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« Getty vs. Acropolis | Main | Free Reads -- Dana Gioia »

October 23, 2002

Philosoblog and Envy redux

Friedrich --

Heavens! I go away on business for a couple of days and return to find all the neighbors having a party in my backyard. What fun. Did you read the comments left behind on my recent “lefties and attractiveness” posting? Good stuff! Little flurries of conversation on the topic even appeared on other blogs. What a sharp, civil and humorous bunch. Just try opening up such a subject in arty New York circles. “Civil and humorous” is not what you’ll encounter.

It was fascinating that no one saw any need to dispute my central assertion that the left has succeeded in associating itself with attractiveness, and that the right has failed to keep up. Why this should be so, whether it has any real importance, and what (if anything) might be done about it -- all that’s up for grabs. But there’s a general acknowledgement that the left not only markets itself more attractively than the right does, but has made the topic of art-and-pleasure its own.

I was impressed (as well as surprised and touched) that everyone who commented on the posting actually seemed to have read it and registered its argument. A few (perfectly civil) emails did come in from people who seemed under the impression that I was arguing something else entirely -- that lefties eat better, know what real art is, and probably fuck better too.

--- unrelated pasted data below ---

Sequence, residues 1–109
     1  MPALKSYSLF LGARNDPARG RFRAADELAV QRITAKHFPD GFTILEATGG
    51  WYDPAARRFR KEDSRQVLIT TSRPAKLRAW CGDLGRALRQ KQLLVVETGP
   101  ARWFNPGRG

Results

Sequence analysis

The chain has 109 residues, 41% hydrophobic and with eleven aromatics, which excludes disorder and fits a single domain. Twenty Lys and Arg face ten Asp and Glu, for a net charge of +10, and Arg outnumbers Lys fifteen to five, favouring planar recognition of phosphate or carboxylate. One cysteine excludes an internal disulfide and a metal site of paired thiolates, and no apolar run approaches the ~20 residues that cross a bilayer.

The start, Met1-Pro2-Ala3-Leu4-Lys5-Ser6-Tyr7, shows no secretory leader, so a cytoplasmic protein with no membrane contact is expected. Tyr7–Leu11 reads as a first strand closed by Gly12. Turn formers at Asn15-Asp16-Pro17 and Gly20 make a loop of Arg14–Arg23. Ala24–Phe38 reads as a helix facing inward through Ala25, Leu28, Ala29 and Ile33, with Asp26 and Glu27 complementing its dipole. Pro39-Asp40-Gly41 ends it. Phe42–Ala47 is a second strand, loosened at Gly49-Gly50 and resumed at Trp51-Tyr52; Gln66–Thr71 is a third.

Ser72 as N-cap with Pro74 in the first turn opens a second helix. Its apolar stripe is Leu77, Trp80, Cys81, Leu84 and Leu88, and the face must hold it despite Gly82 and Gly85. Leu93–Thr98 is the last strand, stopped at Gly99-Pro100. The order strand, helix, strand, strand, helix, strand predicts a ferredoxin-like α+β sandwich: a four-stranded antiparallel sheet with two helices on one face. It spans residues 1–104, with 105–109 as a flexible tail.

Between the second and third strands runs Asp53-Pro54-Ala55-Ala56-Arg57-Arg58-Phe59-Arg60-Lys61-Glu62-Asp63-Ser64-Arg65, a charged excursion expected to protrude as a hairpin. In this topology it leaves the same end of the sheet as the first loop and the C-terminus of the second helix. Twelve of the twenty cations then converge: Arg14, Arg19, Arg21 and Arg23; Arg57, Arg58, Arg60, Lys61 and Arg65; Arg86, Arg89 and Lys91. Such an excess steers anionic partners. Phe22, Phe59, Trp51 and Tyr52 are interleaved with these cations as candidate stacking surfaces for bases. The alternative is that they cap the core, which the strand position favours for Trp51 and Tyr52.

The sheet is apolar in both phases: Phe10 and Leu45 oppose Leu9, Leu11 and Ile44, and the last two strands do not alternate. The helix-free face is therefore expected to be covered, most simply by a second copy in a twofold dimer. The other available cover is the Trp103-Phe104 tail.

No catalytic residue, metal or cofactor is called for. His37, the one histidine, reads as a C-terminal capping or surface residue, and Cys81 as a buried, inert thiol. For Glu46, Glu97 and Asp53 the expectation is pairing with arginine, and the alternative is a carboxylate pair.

For the record, no, I don’t think any of that. What I was hoping to say was that lefties own the discussion on these topics. There is almost no debate about such topics as food, sex, pleasure and art whose terms aren’t dictated by the left, which means that there is no real debate on these topics. How can there be, when one of the debating teams also sits in the judge’s chair?

I was also, of course, hoping to say a few more things. One was that the left’s takeover of the topic of attractiveness is an accomplishment of some importance. Left policies and ideas have failed over and over again. How to explain the fact that, despite this, leftie-ism continues to do so well for itself? My humble suggestion? That “attractiveness” must be a large-ish part of the explanation.

It was striking that even our brainy readers seem to accept the left’s definitions of art and pleasure. To them, “art” is Chris Ofili and his elephant dung, “cuisine” is the high-strung faddish restaurants the gals of “Sex in the City” hope to get tables at. As you and I know, contemporary visual art is and can be many things -- from Southern rural “yard art” to the neoclassical “toga painting” done by graduates of the New York Academy, from marine watercolors to the latest Flash’d corporate website. It’s striking too that our visitors don’t seem to realize that “cuisine” can be home cooking, barbecue, and corn on the cob as well as Latino-Asian fusion avant-gardism.